If you've done a San Diego Comic-Con badge sale, you know that disappointment is inevitable. It's really rare that you get everything you want - and that your friends and family do too. This holds true for almost everyone, by the way. If you assume that industry pros and top vendors get comped badges for everyone they want, it's just not true. Trying to get badges for the whole family, or a best friend and a significant other, can be a serious struggle.
Then there are groups where three people have Preview Night, three people have Sunday, and one person has nothing. This can throw everyone's plans into disarray, especially if some people decide not to go, changing hotel cost share for the others, or if the person who was going to drive you all down from San Jose/borrow an aunt's condo is the one who got nothing. Right now there's still a chance to upgrade badges in Open Reg, but you can bet this imbalance will still exist for some groups after the last sale.
You'll have to resolve this tension however you think best, but here are my thoughts:
- If you’re the one who scored, don’t rub salt in your friends' wounds, and help them try to upgrade in Open Reg. Once the programming comes out, find a morning/afternoon that doesn't appeal and spend it with them on offsites. But don’t make some misguidedly noble gesture of sitting out major portions of Comic-Con because they're sulking over their loss. Lots of couples and friend groups split up anyhow at SDCC, going to different panels and events and finding each other again for dinner. I hate someone tagging along with me in the Exhibit Hall because I’m like a jaguar on the prowl and I don’t want any dead weight. Your unbadged comrades will find plenty to do outside the Con, whether it’s a Nerd HQ panel, Adult Swim carnival, GamerCon, Conan O’Brien, Chris Hardwick’s Nerdist podcast or something else.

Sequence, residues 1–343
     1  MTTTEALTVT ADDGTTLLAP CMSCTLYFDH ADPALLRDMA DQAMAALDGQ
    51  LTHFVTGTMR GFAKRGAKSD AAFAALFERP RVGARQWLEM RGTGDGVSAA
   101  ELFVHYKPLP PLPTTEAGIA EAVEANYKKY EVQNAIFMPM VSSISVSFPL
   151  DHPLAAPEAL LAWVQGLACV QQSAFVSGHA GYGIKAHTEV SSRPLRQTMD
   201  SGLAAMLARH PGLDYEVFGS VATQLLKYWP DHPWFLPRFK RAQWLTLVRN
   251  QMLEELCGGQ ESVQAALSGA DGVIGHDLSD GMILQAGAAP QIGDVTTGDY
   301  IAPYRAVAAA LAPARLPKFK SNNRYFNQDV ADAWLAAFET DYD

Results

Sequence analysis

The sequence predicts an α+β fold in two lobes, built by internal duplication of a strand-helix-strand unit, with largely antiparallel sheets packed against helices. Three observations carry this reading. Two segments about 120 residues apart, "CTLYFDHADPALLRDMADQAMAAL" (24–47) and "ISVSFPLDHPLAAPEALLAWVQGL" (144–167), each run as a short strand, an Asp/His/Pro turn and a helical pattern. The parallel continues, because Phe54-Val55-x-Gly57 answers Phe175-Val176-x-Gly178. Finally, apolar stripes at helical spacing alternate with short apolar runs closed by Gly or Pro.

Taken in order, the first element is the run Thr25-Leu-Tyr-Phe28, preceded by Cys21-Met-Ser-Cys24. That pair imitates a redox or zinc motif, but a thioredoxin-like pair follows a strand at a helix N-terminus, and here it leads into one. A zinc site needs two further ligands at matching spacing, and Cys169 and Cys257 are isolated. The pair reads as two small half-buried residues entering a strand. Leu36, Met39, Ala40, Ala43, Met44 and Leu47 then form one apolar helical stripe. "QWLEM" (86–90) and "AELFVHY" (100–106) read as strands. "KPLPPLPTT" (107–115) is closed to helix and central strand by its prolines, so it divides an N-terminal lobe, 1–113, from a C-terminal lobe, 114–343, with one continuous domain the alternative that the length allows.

- The same applies if you just started dating someone who wasn’t eligible for Returning Reg and you suspect he/she won’t get a great badge – or any - in Open Reg. I've been there; my advice is to still go. You can control your level of SDCC immersion, like limiting your number of panels and finding outside events to do together. But if you’re going to be buried in gaming tournaments, or camping every night for Hall H, it’s probably best to leave them home.
SDCC badge sales are brutal – we all know it. And when it comes to your closest nerd friends, sometimes a vicious lightning strike of destiny separates your Comic-Con fates. Everyone needs to be stoic and accept the hand they get dealt. Once you're there at the Con, there is always a good time to be had, no matter what kind of badge is hanging around your neck.